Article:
Hippocampus mohnikei found during Thailand survey. My name is Lindsay and I’m a PhD candidate and researcher with Project Seahorse. I study seahorses in their natural habitat to understand threats to seahorses and ultimately aid in conservation efforts. I’m currently working in Thailand and wanted to share a little bit about my current research. Last year I spent eight months in Thailand gathering baseline information on seahorse populations along the Andaman (western) coast. The first month I spent building relationships with my new Thai partners and training my research assistants. In the three months that followed, I searched for seahorses by diving and snorkeling at various locations to determine several ideal locations for future research. The results of our intensive searches for seahorses yielded only eight individuals, an unexpectedly low number for the area surveyed. On a positive note, two of these individuals were sightings of a seahorse species never before seen on the Andaman coast; the Japanese Seahorse Hippocampus mohnikei. This was a very exciting discovery – and I’m in the final stages of submitting a paper discussing the increase in range of this species. Hippocampus mohnikei among seagrass. The overall low numbers of seahorses found in our initial survey lead me to question why we found so few seahorses. Was it because we were surveying in the wrong habitats? Using inappropriate methods (Even though they had worked elsewhere)? Or was there so much fishing, and therefore accidental capture of seahorses in fishing gear, there were few seahorses remaining in the areas surveyed? Understanding how to answer these questions has now become the central question to my PhD research. Not to be discouraged, I spent the next four months interviewing fishermen, asking for their input on how often they catch seahorses, what habitats they live in, and creating maps where seahorses can are found. With this information, I have been able to identify many locations on the Andaman coast where fishers report high occurrences of seahorses. I’m now starting my second field season, in which I will test the efficiency of different underwater sampling methods. By searching in areas where divers and fishers have reported sighting seahorses, I can evaluate what conditions increase the likelihood of finding seahorses as well as determine which methods are the best for sampling. Hippocampus trimaculatus found during survey. By combining the data from fishers regarding the incidental capture rate of seahorses along side the mapping of fishing grounds; I will now be able to estimate how many seahorses are captured by fishers each year. This finally allows me to assess if there is a link between fishing and low numbers of seahorses. I’ve just returned to Thailand and have started my second year of research (diving) this week. Our first site is a place in Phuket called Kata Beach – where several dive instructors have reported constant seahorse sightings over the past six months. We’ve been diving here for a week so far and have seen six seahorses – mostly Hippocampus kuda and Hippocampus spinosissimus! Looks like this season is off to a good start. Thanks again to everyone who helped support my research last year. It was an exciting and challenging year and I’m looking forward to more seahorse adventures in 2014. Lindsay is raising funds to support her assistant’s salary. Assistants are the unsung heroes of conservation research and dedicated field assistants are priceless. They willingly put up with the demands of field research – long hours, remote locations, and physical exhaustion with little financial reward. Working in a foreign country can challenging; a local assistant knows his or her community, and will help build bridges between researchers and their communities. Donate ifyou can, and please share the link:https://experiment.com/projects/searching-for-seahorses-sustainability This entry was posted on Wednesday, March 5th, 2014 at 1:18 pm and is filed under Conservation. You can follow any responses to this entry through the RSS 2.0 feed. You can skip to the end and leave a response. Pinging is currently not allowed.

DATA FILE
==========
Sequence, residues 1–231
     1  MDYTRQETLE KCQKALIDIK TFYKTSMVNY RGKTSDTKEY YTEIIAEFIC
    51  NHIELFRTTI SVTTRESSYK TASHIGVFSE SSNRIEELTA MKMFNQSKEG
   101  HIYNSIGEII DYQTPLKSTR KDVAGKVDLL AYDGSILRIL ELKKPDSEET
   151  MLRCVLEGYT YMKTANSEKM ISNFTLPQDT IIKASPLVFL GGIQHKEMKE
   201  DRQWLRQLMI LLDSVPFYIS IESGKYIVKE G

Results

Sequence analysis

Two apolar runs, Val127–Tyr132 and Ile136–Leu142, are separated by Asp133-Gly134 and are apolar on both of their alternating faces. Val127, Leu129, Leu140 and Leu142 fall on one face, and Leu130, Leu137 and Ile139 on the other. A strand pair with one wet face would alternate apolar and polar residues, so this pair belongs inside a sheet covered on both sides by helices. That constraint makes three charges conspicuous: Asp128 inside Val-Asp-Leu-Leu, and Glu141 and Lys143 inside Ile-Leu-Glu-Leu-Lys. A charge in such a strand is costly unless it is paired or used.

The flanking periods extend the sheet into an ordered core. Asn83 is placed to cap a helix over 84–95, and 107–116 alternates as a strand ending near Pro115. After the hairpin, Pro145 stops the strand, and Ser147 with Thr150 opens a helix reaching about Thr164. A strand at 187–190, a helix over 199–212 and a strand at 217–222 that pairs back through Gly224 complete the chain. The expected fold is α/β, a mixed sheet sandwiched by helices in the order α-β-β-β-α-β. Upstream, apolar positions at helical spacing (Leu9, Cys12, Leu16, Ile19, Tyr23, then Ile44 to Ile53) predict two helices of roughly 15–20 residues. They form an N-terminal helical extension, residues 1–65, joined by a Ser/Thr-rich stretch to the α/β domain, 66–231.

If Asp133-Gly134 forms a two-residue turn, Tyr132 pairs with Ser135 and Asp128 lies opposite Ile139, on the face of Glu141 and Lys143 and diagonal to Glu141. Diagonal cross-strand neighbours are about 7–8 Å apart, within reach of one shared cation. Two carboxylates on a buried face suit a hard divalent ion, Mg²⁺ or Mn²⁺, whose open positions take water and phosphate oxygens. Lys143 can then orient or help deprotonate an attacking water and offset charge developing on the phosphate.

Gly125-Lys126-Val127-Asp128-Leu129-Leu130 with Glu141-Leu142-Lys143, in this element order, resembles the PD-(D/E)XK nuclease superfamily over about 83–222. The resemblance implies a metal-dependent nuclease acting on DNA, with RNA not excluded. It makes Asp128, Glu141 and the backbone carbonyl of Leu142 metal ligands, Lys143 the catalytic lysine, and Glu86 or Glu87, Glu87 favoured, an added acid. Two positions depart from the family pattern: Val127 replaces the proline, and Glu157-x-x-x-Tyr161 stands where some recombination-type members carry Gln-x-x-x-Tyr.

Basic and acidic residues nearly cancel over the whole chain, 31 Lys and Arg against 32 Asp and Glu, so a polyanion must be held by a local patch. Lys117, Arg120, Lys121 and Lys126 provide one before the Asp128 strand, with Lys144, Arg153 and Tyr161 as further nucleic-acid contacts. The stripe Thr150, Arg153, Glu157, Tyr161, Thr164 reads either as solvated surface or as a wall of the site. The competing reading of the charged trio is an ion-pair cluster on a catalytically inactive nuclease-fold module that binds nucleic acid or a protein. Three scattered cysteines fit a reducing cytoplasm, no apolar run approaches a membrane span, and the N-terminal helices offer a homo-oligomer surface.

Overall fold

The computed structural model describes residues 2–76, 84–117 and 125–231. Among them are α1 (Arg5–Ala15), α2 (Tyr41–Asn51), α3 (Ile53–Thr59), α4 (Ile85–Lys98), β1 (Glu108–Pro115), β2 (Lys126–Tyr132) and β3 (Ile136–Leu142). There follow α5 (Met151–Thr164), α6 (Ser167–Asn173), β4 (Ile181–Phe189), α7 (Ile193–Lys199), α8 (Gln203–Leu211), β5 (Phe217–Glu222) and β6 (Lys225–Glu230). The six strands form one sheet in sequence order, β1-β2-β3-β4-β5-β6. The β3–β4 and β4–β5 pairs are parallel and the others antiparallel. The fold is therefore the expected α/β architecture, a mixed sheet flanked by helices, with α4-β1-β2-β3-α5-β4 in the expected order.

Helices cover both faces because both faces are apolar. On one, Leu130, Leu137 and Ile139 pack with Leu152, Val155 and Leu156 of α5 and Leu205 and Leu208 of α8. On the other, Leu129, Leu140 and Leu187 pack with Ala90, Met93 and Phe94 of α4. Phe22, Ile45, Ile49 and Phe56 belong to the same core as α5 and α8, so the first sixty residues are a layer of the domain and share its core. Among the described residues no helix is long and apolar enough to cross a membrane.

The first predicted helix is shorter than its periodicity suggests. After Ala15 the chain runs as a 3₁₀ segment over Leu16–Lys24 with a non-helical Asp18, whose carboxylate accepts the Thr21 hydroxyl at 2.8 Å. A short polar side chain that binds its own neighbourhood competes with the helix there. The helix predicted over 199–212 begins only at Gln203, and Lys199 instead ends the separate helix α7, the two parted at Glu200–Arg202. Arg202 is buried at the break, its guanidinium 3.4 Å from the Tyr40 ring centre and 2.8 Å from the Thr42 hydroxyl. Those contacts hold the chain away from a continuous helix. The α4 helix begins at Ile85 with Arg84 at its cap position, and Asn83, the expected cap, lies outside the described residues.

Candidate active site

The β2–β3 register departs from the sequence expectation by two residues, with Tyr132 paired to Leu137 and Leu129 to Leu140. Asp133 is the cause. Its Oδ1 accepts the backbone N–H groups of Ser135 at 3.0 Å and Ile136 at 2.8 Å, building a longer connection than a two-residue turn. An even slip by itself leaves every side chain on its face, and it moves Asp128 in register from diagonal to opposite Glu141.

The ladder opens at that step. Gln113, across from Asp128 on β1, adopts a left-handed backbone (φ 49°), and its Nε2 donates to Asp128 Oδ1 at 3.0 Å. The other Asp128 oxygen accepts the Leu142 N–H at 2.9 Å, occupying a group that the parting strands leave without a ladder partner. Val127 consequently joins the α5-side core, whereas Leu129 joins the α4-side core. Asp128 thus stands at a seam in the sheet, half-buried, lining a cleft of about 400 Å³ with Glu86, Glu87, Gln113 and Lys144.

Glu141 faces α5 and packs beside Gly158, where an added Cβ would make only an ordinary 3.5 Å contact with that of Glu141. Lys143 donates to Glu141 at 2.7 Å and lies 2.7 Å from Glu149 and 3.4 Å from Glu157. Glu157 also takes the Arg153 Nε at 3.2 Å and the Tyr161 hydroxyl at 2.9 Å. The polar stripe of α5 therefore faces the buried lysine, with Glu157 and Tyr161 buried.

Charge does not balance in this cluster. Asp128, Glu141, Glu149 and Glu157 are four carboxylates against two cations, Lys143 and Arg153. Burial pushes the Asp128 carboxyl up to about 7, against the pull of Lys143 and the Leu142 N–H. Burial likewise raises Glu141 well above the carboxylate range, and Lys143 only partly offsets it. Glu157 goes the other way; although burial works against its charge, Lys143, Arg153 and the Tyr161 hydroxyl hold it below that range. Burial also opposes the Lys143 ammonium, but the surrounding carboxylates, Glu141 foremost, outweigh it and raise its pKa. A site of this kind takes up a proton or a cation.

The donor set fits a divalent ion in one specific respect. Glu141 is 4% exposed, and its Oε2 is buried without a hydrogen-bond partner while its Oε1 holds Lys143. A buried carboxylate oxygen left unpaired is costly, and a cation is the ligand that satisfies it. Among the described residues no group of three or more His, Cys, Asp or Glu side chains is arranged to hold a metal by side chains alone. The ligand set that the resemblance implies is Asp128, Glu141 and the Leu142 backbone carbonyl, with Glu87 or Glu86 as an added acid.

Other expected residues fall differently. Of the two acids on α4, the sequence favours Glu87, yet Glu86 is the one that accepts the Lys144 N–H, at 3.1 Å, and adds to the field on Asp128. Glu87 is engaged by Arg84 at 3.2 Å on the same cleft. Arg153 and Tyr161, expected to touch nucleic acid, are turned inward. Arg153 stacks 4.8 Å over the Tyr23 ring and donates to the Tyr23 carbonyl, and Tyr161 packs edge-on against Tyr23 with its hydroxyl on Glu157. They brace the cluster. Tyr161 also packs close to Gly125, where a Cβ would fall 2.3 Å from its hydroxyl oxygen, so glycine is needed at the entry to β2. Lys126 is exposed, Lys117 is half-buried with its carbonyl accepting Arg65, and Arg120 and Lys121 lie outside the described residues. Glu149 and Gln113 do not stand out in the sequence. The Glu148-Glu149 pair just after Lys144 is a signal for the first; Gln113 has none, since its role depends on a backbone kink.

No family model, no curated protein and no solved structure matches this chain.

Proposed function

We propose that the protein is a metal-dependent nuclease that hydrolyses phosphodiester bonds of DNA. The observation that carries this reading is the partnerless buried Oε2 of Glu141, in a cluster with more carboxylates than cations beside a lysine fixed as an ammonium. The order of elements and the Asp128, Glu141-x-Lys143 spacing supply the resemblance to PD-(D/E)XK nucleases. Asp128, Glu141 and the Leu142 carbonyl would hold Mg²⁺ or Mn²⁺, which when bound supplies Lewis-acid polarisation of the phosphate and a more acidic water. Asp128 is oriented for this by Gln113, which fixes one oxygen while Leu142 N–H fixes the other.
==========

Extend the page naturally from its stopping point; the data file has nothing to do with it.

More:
Kevin Barden and Sam Groene tagging milletseed butterflyfish Our initial population of milletseed butterflyfish consisted of one male and multiple females (lucky guy). To remedy this gender ratio conundrum, the staff at Disney-Hawaii recently sent us an “all-male” group of milletseed butterflyfish; which was cannulated, and gender determined, prior to shipment by Disney staff. After quarantine at TAL, we tagged all the males using colored elastomer injected into the caudal fin rays. Each male from this recent shipment was tagged with orange, and the single male from the initial population was tagged with blue. The females were not tagged allowing us to visually determine the gender of each fish. Male milletseed butterflyfish with orange elastomer tag in caudal fin Once tagged, we decided to separate the fish into three distinct spawning aggregations; a pair, 3 males : 8 females, and 10 males : 11 females. The purpose behind these groupings was to observe if a certain aggregation would initiate spawning more than the others. At the time of this writing they have only been in their respective groups for ~2 weeks and we have already had one spawn from the largest group. Although, there were very few, non-viable eggs this does give us hope that one (or more) of these populations will begin continuously spawning viable eggs in the near future. The staff at Disney has been extremely helpful throughout this project and we extend our appreciation for all they have done. Jon-Michael Degidio
Background Photo by Anthony Pearson. Are you a diver? Or perhaps just near the ocean and have the occasional sighting of seahorses in the wild? Project Seahorse launches iSeahorse.org to track seahorses spotted around the globe. And they have an iphone app for those world travelers on the go. This is citizen science at it’s best, and a great opportunity to help understand the biology of seahorses along with population information that can be used in confirmation efforts. Heather Koldewey writes; Dear friends and colleagues, We have some exciting news: Today marks the launch of iSeahorse, a brand-new citizen science initiative that allows anyone, anywhere in the world to contribute to seahorse science and conservation with just a few clicks of a mouse or taps on a smartphone. A collaboration among University of British Columbia, Zoological Society of London, John G. Shedd Aquarium, and partners all over the world, iSeahorse allows you to share your seahorse observation anytime you spot one of these mysterious and threatened animals in the wild. Scientists from Project Seahorse and the iSeahorse network will use your vital information to better understand seahorse behaviour, species ranges, and the threats seahorses face. We will use this knowledge to improve seahorse conservation across the globe. Whether you’re a diver, a fisher, a scientist, a seahorse enthusiast, or just on a beach holiday, we want to hear from you! Sharing your seahorse observations is fast and easy. Visit www.iseahorse.org or download the iSeahorse app for iPhone to get started. On the iSeahorse website, you can view interactive seahorse maps and species profiles, contribute species identifications, learn about conservation threats, and advocate for increased conservation measures in your ocean neighbourhood. For more information, visit http://www.iseahorse.org/?q=about or email us at firstname.lastname@example.org.Thanks! The Project Seahorse Team http://www.projectseahorse.org So go to the website, download the app, and help make science happen! This entry was posted on Saturday, October 19th, 2013 at 12:59 am and is filed under Diving. You can follow any responses to this entry through the RSS 2.0 feed. You can skip to the end and leave a response. Pinging is currently not allowed.